Note: Pricing for this product is in US$.
Story Planner Pro offers a quick way to break the story behind an animation or video sequence down into key scenes.
Once you have a script in place, you can depict the action in the various scenes in a series of panels, each with a sketch area and room for scene info, dialogue, notes and music or effects. Camera moves and actions in the scene, represented by arrows, can be used to further define each shot. Once assembled, the finished storyboard can be printed using one of the supplied templates, saved as a PDF or output as an animatic in Flash or QuickTime movie format.
Starting a new project involves specifying the canvas size, and the intended camera resolution and aspect ratio. As well as defining the pixel resolution of sketches and the aspect ratio of animatics, this initial information is reused if you export the scenes directly to Digital Video’s animation software Toonz.
You can display the storyboard in a variety of views, including as a single panel with a row of thumbnails below, or in grid arrangements. Each scene can be made up of several panels, with different configurations of cropped corners serving as a quick identifier for where scenes begin and end. Specialized buttons make adding panels and scenes an easy operation.
Text support for both sketch area and panel boxes allows you the use of different fonts to jazz up the dialogue and there is a range of basic brush and eraser tools for content creation. These can be controlled via a pressure-sensitive tablet and pen. A colour swatch is available, but you can only access four colours from the quick palette at one time.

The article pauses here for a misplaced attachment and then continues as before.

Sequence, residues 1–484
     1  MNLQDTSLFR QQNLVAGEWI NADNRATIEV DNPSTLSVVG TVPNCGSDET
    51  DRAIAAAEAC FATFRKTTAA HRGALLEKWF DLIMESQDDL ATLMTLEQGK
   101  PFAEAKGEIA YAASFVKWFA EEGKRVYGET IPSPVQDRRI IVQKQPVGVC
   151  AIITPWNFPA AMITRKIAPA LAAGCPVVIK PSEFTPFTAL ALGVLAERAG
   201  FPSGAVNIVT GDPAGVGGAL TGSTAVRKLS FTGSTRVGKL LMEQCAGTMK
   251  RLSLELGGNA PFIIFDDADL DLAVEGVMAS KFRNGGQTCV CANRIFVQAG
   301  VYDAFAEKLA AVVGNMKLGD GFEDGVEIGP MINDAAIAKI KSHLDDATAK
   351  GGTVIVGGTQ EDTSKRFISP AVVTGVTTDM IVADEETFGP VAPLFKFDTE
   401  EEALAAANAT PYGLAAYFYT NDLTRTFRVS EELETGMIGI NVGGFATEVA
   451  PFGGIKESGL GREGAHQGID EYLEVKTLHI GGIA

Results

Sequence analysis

There is a facility for arranging scene elements in layers, to separate characters from a background, for example. You can also import images into the sketch area and crop, move and transform them, though external image support doesn’t include PSD.
You can zoom and pan in the sketch area, with external images scaling to fit the current zoom setting when imported. When you export as an animatic, the current zoom level is used.
The tools for building the animatic add a layer of complexity, but also add value to the package (otherwise you could just put a storyboard together in a graphics or desktop application). Adding camera moves involves a simple process of assigning rectangles over the start and end point in each panel. In a similar fashion you can manipulate and layers, so that different elements move and scale over time at different speeds.
A timeline is also available so that you can edit the duration and order of the animatic in a visual manner and add some simple transitions between scenes. It’s also possible to add several audio tracks, for dialogue, effects and music and edit or split them once in place in the timeline. You can import audio clips, though formats are restricted to WAV and AIFF.